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Meet Darin Johnstone of Darin Johnstone Architects

Today we’d like to introduce you to Darin Johnstone.

Darin, let’s start with your story. We’d love to hear how you got started and how the journey has been so far.
I was one of those strange people who always knew what they wanted to do. I got my first architectural drafting job at 16 and never really looked back. As a first-generation college student, I made my way into the Architecture program at Cal Poly Pomona where I received a Bachelor of Architecture degree in 1993.

In the first months after I graduated from Cal Poly, I got married, started working and applied to graduate school. My first two jobs out of school were for Coop Himmelb(l)au and Frank Gehry. Though I was just building models, working at two of the most adventurous architectural practices in the world right out of school was amazing. It shifted my perspective on the practice of Architecture for life. Because I had it in my mind to continue to graduate school shortly after completing my first degree, the stints at these firms were relatively short, but the impression was lasting.

Early on in my secondary education, I realized that I wanted to teach which is was why I was intent on going to graduate school. In 1994 I was accepted to Columbia University and my wife and I moved from Los Angeles to New York as newlyweds. It was an incredible time to be living in New York City and attending Columbia University. We reveled in our time there and when it was my wife’s turn for graduate school we moved on to San Francisco. In San Francisco, I worked for Holt Hinshaw, another renowned practice, where I was truly mentored and began to understand a little more of what it takes to be out on your own. I always imagined having my own practice and teaching.

Three years out of graduate school I was still living and working in San Francisco when a very close friend of mine, Scott Parker who was in LA, asked me to come and partner with him. He was teaching at Cal Poly Pomona (my undergraduate alma mater) and he thought I might be able to get a gig there.

So, at 31 I quit my job, moved back to LA with my wife, started a practice and started teaching. In retrospect, I think I was way too young and inexperienced to start my own practice. I guess I am glad that I didn’t know any better! I taught at Col Poly for three years where I was also the resident director of the Neutra VDL Research house. In 2003 I started teaching at SCI-Arc and practicing on my own. For my entire career teaching and practice have always gone together, and teaching at SCI-Arc is amazing because it is constantly inspiring. The administration, faculty and students are all producing work that tests the boundaries of the discipline. For the first ten years of practice as I taught, I worked primarily on residential projects and competitions but in 2014 we won a commission to renovate a building to house the Fine Art and Illustration Departments for ArtCenter College of Design.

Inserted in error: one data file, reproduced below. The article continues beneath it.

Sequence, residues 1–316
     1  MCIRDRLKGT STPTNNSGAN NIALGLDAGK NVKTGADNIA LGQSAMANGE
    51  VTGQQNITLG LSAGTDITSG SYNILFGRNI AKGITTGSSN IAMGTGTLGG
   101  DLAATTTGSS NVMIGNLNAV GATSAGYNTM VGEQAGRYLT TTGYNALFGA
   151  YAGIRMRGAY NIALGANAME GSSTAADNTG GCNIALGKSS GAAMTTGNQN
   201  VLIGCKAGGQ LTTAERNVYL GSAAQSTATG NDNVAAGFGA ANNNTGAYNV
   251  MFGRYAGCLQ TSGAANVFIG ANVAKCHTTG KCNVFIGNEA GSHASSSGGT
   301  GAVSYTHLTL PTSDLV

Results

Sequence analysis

This renovation of an old Post Office and distribution center at 870 South Raymond was a turning point for the practice and ArtCenter has grown to be our most important and exciting client. We have worked with ArtCenter on several projects since then and continue to work on compelling projects at both the Hillside and South Campus. Shortly after the 870 building was completed I was asked to lead a collaboration between SCI-Arc and Habitat for Humanity. This low-income residential project was the culmination of an 18-month teaching endeavor that was inextricably linked to practice. It was probably the first time in my career when teaching and practicing felt like a single endeavor and the resulting ‘IVRV House’ is something that I am extremely proud of.

Overall, has it been relatively smooth? If not, what were some of the struggles along the way?
Creative endeavors do not make for smooth roads and in some ways, the smooth road has never interested me.

Architecture as a creative pursuit with multiple constituents and variable factors can be a very bumpy road but those challenges are what makes it exciting and engaging. Of course, more general ‘struggles along the way’ range from the everyday challenges that come with balancing practice, teaching and family life to the trials and tribulations of the economy and how that impacts an architectural practice. The years of 2008 – 2012 held an economic disaster that was devastating to the practice of architecture.